In the weeks following the 2019 World Justice Forum, WJP has been pleased to highlight winning World Justice Challenge projects in turn. These project spotlights provide insight into access to justice needs being filled, project impacts, and how successes may be replicated in other parts of the world. This week, we discuss Nazdeek's "Monitoring Maternal Health Entitlements & Increasing Access to Grievance Redressal" project, assisting women in Assam, India, to seek redressal for their maternal and child health problems.
Thank you to Shreya Sen, Senior Program Officer, and Tripti Poddar, Justice Program Associate, for speaking with us about Nazdeek's work.
Can you describe the project in its most simple terms?
The project aims to bridge the gap between marginalized communities and government officials. With a strategic approach of building legal capacity, the project empowers women from tea plantations in the state of Assam, India, to demand accountability from their government and enforce legal compliance within their work space. The first step in setting up the forum was to engage with women through community meetings and legal empowerment trainings. Through these, women workers learned to identify rights violations, record them systematically, analyze patterns of violations that emerged and then present this analysis to government officials in the forums. The process created an important shift in the community's identity from "beneficiaries" of government charity to "rights holders." It was the empowering recognition that it is your Constitutional right to engage directly with your government that led to the community owning and driving the process themselves. The project has been implemented in partnership with local organizations like Promotion & Advancement of Justice Harmony and Rights of Adivasi (PAJHRA) and indigenous women's collectives like All Adivasi Womens' Association of Assam (AAWAA).
Why was this project so necessary?
For about 2 centuries, indigenous workers in Assam's tea plantations, have lived in a state of abject poverty, isolation, and deprivation due to inadequate access to services and facilities guaranteed to them by law. Their interaction with the outside world is heavily restricted and monitored by tea management. If they protest or agitate, they face heavy retaliation. Workers lack access to the most basic facilities like toilets, creches, food grains, safety gears, medical care and so on. High levels of malnutrition and anemia in women, and low levels of literacy are rampant. At the core of all the problems faced by women in tea plantations is that they get an illegally low wage of about 2 dollars a day. In other words, workers struggle with everyday needs and survival. This is a context where a disempowered, disenfranchised community of impoverished workers is up against an exploitative, muscle-flexing industry. The community of workers is heavily dependent on the government for basic services, but their isolation is so acute that they do not know about their basic rights and entitlements, or how to access them. In this context, it became essential to innovate and think of a project that closes the large gap between a marginalized community and the systems of justice and governance meant to protect their rights.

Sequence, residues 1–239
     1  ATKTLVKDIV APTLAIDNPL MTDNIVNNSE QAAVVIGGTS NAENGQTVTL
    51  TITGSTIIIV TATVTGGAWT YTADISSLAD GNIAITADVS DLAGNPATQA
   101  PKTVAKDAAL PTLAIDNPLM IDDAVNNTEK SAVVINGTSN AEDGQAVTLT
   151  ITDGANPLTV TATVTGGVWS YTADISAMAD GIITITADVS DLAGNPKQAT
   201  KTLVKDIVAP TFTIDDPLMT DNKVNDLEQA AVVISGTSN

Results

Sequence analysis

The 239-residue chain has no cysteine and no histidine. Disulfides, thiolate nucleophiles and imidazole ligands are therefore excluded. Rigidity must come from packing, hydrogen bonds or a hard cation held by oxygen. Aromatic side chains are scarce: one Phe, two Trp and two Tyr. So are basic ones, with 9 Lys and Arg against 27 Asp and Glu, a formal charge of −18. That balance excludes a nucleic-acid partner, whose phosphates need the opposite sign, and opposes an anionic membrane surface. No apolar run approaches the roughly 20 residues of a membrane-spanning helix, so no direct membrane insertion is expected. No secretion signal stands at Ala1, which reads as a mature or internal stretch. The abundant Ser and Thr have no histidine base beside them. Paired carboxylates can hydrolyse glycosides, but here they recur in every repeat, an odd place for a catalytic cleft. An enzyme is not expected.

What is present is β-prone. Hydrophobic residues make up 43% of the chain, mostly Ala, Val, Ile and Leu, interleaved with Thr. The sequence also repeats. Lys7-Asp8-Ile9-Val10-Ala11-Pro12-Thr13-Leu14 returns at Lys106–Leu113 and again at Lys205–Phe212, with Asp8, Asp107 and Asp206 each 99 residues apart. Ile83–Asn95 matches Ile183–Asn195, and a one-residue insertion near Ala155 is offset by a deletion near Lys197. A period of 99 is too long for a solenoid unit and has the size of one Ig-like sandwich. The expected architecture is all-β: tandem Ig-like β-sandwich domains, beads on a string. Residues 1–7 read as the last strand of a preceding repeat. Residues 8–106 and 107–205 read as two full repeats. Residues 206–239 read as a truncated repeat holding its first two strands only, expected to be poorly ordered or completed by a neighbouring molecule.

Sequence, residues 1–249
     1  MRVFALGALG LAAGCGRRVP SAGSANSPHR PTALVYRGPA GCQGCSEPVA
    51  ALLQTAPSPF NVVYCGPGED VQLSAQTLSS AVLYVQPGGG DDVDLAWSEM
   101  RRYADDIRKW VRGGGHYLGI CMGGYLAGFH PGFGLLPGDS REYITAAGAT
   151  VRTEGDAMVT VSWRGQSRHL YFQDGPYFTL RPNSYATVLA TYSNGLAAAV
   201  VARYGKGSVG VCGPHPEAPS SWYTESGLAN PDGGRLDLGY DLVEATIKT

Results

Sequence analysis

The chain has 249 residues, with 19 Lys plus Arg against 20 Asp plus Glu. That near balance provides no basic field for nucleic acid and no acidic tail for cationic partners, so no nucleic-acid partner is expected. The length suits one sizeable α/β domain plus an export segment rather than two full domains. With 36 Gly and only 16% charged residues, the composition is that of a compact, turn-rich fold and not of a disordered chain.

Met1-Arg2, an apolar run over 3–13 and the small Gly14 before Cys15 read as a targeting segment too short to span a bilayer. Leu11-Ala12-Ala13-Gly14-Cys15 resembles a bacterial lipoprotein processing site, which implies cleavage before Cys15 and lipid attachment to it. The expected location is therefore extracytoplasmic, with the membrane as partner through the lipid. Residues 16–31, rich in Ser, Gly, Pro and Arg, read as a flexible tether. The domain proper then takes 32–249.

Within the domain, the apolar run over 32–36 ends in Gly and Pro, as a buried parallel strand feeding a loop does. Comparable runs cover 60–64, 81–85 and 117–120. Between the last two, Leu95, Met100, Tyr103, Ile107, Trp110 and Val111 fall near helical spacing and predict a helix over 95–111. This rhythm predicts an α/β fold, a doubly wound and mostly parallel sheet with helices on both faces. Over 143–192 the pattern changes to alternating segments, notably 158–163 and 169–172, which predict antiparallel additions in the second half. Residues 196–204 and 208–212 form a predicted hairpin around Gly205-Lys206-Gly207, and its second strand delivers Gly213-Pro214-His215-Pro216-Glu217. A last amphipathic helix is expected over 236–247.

Can you tell us about the positive human impact the project has had?
The rights-based work in developing grievance forums for community monitoring have resulted in positive impact by informing communities about various rights and entitlements, especially on maternal and child health. The interface provided by the project between the communities and government officials has allowed development of knowledge repositories as a means of seeking accountability. It has allowed for strategic advocacy work and has helped communities engage deeper with the government system at different levels, making the legal and administrative process less intimidating, by empowering communities to seek accountability on maternal health concerns at points of contention. Policy level implementation concerns have been identified, which has brought about awareness and developed a consciousness at the government level for grassroots implementation of various schemes and entitlements. Take for example, Cecilia, an indigenous female activist who we trained and have worked with for over 3 years. In one of Nazdeek’s trainings, she learned about the subsidized food that her community is entitled to receive from the government. She passed on this information to the larger community through meetings, where everyone realized that the subsidies were not being received due to corruption and red tape at higher levels of the government. She then approached the relevant local authority and demanded that they attend a grievance forum in the community. The forum was attended by over 100 women, mobilized by Cecelia, who were able to use rights-based language to place their complaints and get their subsidized food entitlement. Women like Cecilia pose an important challenge to the patriarchal status quo, and with each win, the community and the local government recognize such trained paralegals as leaders to be reckoned with.